Rediscovering industrial policy for the twenty-first century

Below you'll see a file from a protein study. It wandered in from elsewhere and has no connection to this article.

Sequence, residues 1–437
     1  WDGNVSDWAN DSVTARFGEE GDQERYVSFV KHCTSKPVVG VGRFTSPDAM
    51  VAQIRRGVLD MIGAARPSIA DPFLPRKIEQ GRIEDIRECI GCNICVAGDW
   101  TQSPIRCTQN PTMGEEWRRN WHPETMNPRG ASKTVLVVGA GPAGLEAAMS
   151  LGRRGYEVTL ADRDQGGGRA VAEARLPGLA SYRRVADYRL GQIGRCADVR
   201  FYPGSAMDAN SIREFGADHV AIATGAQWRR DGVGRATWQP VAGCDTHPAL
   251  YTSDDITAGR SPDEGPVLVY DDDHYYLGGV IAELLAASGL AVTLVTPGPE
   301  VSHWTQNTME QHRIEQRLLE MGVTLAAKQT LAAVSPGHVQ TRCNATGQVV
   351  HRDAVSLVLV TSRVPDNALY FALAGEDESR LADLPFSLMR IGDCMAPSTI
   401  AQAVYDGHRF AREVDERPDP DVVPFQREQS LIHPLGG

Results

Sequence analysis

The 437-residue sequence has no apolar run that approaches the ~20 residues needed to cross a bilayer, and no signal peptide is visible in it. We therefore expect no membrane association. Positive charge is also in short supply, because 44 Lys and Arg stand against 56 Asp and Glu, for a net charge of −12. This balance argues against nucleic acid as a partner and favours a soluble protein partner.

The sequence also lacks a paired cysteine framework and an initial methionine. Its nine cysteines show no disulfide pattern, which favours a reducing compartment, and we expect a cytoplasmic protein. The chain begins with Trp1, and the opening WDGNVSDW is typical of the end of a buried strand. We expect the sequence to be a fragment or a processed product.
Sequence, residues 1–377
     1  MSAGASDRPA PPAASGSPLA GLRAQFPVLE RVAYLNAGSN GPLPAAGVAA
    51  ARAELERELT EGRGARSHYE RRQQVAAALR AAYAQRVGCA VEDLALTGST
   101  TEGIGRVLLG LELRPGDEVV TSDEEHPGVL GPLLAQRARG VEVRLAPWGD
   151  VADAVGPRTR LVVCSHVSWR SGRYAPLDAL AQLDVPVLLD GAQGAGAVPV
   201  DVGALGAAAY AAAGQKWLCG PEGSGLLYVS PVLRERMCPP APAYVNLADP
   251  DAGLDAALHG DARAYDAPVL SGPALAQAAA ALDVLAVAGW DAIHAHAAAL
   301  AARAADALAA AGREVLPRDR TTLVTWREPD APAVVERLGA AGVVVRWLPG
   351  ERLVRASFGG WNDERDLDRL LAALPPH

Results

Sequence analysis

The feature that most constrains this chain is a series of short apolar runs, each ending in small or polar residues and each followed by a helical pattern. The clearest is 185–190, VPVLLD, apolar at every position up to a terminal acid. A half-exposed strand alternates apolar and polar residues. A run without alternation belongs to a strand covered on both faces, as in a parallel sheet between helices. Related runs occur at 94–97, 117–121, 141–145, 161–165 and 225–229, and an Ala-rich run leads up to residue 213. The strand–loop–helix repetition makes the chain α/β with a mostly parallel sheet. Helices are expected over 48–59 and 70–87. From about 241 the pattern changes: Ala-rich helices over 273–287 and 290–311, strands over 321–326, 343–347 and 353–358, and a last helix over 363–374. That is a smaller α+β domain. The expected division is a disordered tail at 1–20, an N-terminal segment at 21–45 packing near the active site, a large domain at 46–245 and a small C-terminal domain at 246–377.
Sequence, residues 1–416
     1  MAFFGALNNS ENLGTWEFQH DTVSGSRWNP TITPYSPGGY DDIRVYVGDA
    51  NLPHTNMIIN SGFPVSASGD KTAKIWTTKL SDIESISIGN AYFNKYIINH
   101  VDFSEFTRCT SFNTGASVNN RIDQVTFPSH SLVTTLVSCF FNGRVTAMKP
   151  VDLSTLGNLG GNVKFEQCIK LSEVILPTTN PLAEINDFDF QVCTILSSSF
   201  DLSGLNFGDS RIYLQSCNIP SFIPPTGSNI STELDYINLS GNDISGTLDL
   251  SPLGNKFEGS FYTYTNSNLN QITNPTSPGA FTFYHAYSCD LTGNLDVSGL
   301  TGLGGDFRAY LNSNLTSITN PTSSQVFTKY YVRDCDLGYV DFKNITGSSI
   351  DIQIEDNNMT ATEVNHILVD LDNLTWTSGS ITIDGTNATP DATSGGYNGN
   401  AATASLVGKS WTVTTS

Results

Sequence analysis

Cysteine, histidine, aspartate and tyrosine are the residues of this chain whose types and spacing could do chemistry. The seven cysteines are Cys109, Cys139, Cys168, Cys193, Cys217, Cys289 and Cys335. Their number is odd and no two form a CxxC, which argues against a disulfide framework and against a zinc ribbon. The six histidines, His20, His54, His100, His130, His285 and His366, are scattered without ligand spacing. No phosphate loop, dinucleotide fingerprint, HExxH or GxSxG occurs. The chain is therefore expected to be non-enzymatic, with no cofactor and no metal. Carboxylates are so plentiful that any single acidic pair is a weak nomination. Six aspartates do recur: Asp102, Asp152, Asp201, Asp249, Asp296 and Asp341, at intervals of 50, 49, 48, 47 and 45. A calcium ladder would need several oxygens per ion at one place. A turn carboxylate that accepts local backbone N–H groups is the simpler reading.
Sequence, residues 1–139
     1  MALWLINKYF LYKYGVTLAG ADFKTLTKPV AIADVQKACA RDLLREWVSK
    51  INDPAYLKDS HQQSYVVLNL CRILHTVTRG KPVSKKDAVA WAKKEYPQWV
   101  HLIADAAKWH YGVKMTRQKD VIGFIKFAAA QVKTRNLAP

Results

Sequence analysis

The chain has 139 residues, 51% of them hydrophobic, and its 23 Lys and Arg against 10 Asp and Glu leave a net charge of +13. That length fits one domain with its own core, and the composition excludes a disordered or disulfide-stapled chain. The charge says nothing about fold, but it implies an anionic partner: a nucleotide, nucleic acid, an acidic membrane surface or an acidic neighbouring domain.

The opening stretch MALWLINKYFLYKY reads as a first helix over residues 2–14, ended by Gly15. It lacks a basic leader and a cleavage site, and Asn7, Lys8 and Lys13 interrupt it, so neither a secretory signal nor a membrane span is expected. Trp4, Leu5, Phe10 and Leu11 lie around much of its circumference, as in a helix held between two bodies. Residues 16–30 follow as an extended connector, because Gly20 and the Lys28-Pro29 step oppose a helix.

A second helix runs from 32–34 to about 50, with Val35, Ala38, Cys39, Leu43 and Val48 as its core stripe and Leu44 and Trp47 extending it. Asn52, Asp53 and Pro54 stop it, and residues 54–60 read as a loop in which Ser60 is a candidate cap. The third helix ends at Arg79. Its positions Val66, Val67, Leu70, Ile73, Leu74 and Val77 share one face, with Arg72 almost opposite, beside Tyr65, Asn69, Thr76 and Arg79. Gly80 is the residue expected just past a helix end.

By Romesh Vaitilingam   Day 2 of ERF’s 25 th annual conference began with a plenary discussion of the role of knowledge in the process of innovation in the new global economy. Keynote speaker Rohinton Medhora, president of the Centre for International Governance Innovation began by describing in broad terms the growing dominance of ‘the intangible economy’ and its implications for the labour market, economic and social policy, and global interactions between individuals, organisations, nations and regions.     Referring to a recent book by Jonathan Haskel and Stian Westlake called Capitalism Without Capital, he explained that the intangible economy is characterised by high upfront costs and very low reproduction costs. As the taxonomy of intangibles below suggests, it is driven by proprietary ideas (that is, intellectual property), which is concentrated within a few countries and a small group of individuals and firms. Medhora - 1 The intangible economy requires a rethinking of government policy in the application of technological developments to real-world problems and the distribution of the economic gains of innovation.   This has implications for the conduct of government policy in many areas, ranging from the support of innovation (including intellectual property, patents, public procurement and funding for scientific research) to macroeconomic and trade policy (including exchange rates, foreign investment and monetary policy), and social policy (including higher education, savings and pensions schemes, and the public provision of public goods).   Focusing specifically on the challenges for the MENA region, Dr Medhora compared innovation and R&D spending by MENA countries with those of advanced countries as an indicator of investment in the intangible economy. For example, the GIobal Innovation Index, which has been developed by the World Intellectual Property Organization, ranks 126 economies based on 80 indicators, ranging from intellectual property filing rates to mobile-application creation, education spending and scientific and technical publications. Medhora - 2 Medhora - 3 Dr Medhora concluded with a remark about why the region needs ERF: without it, he said, MENA would be poorer in every way in the analysis and comprehension of how to promote economic development and growth.   The Economic Research Forum’s 25th Annual Conference is held in Kuwait City, on 10-12 March, 2019, under the theme of Knowledge, Research Networks, and Development Policy. Visit the conference website to find out more about the event and access papers, videos and blogs.
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